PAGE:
Just days after the state shutdown in the wake of the COVID-19 pandemic, Illinois farmer and brewer Matt Riggs faced a sober reckoning.
“We were a draft-only brewery, so I had $100,000 worth of beer packaged in kegs and ready to go, and with the bars and restaurants, closed, I had zero market,” said Riggs, owner of Riggs Beer Co. in Urbana.
But as a fifth generation grain farmer whose family has witnessed the devastation wrought by droughts and floods dating back to the 19th century, the disaster that arrived in March 2020 prompted Riggs to pivot, not panic.
After locating a mobile canner, Riggs began transferring his kegged beer supply, that was originally headed to wholesalers, into aluminum cans, and before long, the company’s new retail product was on the shelves at central Illinois grocers, including Wal-Mart and Schnucks.
And since Riggs grows and harvests the grain for the brewery on 60 of the 316 acres at his family farm, the business managed to avoid supply chain disruptions that have hampered many food and beverage operations two years into the pandemic.
“The pandemic forced our hand, because I had always liked being draft only,” said Riggs, adding that the brewery is now seeing a resurgence in orders for its draft beer in kegs, due to stepped up demand from bars and restaurants.
“It’s been a weird couple of years, and I wish it would never have happened, but you have to deal with reality,” Riggs said.
Despite enduring two years of pandemic-era hardships, many Illinois farmers like Riggs say their decisions to take risks and embrace new business models two years ago have led to some silver linings.
From local growers who avoided supply chain and transportation troubles that continue to impede large companies importing products from overseas, to the surging popularity of home delivered fruits and vegetables, many Illinois food purveyors say they are surviving, and in some instances, thriving.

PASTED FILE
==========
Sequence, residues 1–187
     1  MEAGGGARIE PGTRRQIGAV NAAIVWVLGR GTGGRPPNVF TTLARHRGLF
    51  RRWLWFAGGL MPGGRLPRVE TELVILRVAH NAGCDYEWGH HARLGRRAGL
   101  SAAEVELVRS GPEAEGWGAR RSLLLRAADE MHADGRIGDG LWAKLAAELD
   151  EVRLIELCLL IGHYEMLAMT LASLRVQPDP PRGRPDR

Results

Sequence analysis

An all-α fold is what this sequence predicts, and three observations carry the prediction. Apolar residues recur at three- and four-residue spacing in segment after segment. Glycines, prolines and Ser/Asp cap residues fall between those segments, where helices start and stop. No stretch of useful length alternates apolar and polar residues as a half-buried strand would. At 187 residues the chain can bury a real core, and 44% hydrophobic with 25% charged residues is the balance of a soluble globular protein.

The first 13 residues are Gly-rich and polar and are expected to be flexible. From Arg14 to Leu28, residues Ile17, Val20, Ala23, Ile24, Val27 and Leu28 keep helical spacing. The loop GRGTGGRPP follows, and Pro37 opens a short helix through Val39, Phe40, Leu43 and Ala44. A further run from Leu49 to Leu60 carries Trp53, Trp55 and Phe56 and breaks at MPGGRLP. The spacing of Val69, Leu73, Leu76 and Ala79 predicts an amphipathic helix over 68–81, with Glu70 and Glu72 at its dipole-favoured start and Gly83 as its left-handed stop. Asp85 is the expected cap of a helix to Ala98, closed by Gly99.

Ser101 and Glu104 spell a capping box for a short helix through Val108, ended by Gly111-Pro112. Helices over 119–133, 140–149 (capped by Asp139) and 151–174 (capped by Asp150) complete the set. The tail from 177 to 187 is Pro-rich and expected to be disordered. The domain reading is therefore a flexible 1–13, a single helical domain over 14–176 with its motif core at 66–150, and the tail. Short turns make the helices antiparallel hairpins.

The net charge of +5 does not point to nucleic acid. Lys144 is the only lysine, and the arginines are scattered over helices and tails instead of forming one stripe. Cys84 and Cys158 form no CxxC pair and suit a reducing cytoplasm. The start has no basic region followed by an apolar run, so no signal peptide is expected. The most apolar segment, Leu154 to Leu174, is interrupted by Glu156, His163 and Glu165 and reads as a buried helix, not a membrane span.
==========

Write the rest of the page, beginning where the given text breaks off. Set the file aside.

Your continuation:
“For farmers who could change their business operations quickly, including the cashless delivery of local foods, it worked out well, and it might not have happened without the pandemic,” said Douglas Gucker, a local food systems and small farms educator at the University of Illinois extension.
“They had to quickly morph and change, and for some farmers, the transition went really well, and today, they’re bigger and better,” Gucker said.
Given the dependence on weather and trade conditions, farmers face high levels of risk and a modest return in profits even during the best of times, Gucker said.
But for Illinois farmers who took the initiative, and quickly created “e-stores” to take advantage of new demand for their products, the now ubiquitous grocery delivery model allowed them to continue operating, even during the early days of the pandemic.
“As a farmer, in addition to having plan A, you need to always be ready to move to plan B and plan C as the situation warrants,” Gucker said.
“Farming is a rewarding life, and also full of risk, and they do this because they love growing and supplying food, but to live, they need to make a living too,” Gucker said.
For farmer John Peterson, the founder of Angelic Organics, the early days of the pandemic brought a 50% surge in demand for his organic vegetables, including a crew of new customers who were alarmed by empty shelves and supply chain shortages at their neighborhood grocery stores.